Past Abstract Details

 
 

2006 talk

INVITED FACULTY TALK - The “Teflon Basin” Myth Debunked: Most Snowmelt Runoff Is “Old” Water And Not “New” Water

Williams, Mark W 1

1 INSTAAR and Geography

New research shows high-altitude aquifers honeycomb parts of the Colorado Rockies, trapping snowmelt and debunking the myth that high mountain valleys act as “Teflon basins” to rush water downstream. In much of western North America, snow and snow melt provides the primary means for storage of winter precipitation, effectively transferring water from the relatively wet winter season to the typically dry summers. A common assumption is that high-elevation catchments in the western United States behave like "Teflon basins" and that water released from seasonal storage in snow packs flows directly into streams with little or no interaction with geologic or biologic materials.

We determined source waters and flowpaths in the Green Lakes valley of the Front Range using isotopic, geochemical, and hydrometric data in 2- and 3- component hydrograph separations along with end-member mixing analysis (EMMA). EMMA results showed that much of the water released from the seasonal snowpack infiltrated into subsurface reservoirs and that old groundwater contributed almost 50% of flow on the rising limb of the hydrograph and 80% on the recession limb. Thus most of the water sampled from North Boulder Creek during the runoff months was “old groundwater” that had been stored in subterranean mountain catchments.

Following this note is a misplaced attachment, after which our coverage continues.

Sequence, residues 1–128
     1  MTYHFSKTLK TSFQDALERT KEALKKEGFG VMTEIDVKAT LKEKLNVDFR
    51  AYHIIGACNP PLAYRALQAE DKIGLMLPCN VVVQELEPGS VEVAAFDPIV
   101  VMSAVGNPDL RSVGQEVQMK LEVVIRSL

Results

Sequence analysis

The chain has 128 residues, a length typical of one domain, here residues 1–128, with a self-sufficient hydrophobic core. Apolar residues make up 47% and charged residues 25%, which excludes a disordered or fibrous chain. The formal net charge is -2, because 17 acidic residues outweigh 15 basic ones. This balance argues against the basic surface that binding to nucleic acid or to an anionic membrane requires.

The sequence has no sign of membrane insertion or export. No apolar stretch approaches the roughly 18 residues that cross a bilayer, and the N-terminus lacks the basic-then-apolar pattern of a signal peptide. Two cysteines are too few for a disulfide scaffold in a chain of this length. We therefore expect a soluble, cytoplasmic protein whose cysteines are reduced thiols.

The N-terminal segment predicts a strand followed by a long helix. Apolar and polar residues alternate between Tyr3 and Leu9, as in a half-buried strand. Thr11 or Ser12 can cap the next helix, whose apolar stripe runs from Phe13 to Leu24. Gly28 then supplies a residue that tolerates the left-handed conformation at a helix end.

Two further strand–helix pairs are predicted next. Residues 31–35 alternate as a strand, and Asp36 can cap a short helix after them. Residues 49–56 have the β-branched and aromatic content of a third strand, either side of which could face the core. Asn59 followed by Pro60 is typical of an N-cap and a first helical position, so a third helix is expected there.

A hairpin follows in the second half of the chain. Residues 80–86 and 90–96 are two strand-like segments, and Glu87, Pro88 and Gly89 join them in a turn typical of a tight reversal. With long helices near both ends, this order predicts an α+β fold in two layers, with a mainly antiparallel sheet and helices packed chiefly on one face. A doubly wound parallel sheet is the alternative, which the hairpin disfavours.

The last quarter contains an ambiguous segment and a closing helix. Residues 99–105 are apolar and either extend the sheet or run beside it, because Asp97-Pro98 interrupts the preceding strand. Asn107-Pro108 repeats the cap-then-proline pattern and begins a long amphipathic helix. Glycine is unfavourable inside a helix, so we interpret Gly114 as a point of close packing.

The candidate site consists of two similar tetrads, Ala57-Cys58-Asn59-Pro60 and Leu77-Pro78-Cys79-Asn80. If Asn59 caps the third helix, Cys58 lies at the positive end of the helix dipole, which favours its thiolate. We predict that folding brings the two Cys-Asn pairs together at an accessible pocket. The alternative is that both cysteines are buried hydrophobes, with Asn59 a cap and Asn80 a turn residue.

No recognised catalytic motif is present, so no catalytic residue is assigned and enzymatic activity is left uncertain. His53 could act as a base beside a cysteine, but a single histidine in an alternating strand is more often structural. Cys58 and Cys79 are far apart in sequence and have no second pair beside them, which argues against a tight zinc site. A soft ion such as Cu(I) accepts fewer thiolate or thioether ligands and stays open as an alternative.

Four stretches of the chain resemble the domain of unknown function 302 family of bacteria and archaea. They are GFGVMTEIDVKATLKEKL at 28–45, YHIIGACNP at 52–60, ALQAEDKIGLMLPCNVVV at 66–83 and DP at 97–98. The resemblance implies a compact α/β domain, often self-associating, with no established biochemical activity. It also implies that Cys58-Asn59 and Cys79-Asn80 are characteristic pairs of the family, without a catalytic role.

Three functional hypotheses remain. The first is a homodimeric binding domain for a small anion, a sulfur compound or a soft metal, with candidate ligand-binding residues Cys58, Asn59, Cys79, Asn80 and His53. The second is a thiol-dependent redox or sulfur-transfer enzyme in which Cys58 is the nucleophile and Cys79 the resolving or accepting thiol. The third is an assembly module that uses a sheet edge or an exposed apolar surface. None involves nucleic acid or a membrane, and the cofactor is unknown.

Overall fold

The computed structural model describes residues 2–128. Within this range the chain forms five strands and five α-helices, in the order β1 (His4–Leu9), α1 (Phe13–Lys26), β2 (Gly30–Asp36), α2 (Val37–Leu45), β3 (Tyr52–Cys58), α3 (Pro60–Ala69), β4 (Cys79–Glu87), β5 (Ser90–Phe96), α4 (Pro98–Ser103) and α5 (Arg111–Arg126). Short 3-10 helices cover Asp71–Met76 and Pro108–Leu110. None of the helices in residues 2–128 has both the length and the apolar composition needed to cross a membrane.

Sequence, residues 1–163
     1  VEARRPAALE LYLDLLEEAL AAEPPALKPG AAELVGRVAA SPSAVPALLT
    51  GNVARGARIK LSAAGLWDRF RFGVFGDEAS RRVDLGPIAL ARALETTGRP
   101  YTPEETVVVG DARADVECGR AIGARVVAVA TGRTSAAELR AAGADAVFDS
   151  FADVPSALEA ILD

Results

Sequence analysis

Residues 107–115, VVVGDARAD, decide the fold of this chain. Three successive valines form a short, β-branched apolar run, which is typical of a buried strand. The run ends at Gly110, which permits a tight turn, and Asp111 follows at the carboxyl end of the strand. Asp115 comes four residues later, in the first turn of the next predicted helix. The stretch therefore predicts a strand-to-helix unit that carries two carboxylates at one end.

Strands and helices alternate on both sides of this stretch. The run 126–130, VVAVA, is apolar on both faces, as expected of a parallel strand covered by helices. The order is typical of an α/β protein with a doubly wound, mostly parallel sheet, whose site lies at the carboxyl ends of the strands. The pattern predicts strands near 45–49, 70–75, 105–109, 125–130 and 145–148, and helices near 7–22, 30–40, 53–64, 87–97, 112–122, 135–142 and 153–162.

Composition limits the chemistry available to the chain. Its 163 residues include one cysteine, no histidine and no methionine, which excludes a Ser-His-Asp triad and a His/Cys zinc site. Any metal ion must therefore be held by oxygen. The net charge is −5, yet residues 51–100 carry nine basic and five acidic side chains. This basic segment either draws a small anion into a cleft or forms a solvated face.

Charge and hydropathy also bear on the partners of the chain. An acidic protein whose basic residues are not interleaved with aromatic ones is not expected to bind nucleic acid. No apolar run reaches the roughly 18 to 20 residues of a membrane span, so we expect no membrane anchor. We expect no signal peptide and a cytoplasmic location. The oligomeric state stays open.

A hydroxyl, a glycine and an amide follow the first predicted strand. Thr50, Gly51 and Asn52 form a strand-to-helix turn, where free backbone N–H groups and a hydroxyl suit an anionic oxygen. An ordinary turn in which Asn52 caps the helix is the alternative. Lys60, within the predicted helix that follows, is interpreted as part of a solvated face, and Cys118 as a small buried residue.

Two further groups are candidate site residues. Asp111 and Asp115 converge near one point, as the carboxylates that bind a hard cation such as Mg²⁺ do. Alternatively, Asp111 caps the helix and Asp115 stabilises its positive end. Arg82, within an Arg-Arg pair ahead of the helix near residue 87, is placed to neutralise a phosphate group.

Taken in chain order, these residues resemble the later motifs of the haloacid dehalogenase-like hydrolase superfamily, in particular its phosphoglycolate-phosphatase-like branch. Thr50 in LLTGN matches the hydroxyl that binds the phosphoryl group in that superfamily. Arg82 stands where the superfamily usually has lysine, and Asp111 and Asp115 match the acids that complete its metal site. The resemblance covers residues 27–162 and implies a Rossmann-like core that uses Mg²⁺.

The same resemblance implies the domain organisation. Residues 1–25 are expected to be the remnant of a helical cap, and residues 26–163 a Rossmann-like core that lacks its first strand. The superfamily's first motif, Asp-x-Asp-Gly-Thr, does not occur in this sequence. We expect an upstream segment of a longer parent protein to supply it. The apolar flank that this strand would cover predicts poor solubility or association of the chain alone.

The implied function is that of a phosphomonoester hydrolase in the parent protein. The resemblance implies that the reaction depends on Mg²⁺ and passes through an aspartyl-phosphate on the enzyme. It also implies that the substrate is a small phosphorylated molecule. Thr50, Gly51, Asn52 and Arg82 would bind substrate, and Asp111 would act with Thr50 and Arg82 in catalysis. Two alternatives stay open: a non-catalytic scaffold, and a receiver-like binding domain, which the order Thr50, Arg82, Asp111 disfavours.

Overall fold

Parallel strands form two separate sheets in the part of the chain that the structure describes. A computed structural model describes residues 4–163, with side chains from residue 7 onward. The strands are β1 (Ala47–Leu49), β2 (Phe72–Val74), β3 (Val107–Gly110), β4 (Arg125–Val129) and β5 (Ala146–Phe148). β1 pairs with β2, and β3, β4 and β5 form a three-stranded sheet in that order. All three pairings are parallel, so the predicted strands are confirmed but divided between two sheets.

The common perception that water stored in mountain snow packs runs immediately into streams and rivers is probably wrong, and the Teflon basin myth is incorrect.

 

 

 

 

 

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